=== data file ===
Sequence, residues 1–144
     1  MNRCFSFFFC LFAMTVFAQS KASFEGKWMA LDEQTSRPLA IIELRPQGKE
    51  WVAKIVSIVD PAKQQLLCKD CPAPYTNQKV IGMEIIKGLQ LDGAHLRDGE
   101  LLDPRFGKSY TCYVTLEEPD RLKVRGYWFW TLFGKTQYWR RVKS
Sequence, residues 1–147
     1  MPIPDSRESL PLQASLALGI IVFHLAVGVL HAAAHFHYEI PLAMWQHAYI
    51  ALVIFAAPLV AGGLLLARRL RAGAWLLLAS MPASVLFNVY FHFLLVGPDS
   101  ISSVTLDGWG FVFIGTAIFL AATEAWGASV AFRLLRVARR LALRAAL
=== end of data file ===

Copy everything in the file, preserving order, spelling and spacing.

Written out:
Sequence, residues 1–144
     1  MNRCFSFFFC LFAMTVFAQS KASFEGKWMA LDEQTSRPLA IIELRPQGKE
    51  WVAKIVSIVD PAKQQLLCKD CPAPYTNQKV IGMEIIKGLQ LDGAHLRDGE
   101  LLDPRFGKSY TCYVTLEEPD RLKVRGYWFW TLFGKTQYWR RVKS
Sequence, residues 1–147
     1  MPIPDSRESL PLQASLALGI IVFHLAVGVL HAAAHFHYEI PLAMWQHAYI
    51  ALVIFAAPLV AGGLLLARRL RAGAWLLLAS MPASVLFNVY FHFLLVGPDS
   101  ISSVTLDGWG FVFIGTAIFL AATEAWGASV AFRLLRVARR LALRAAL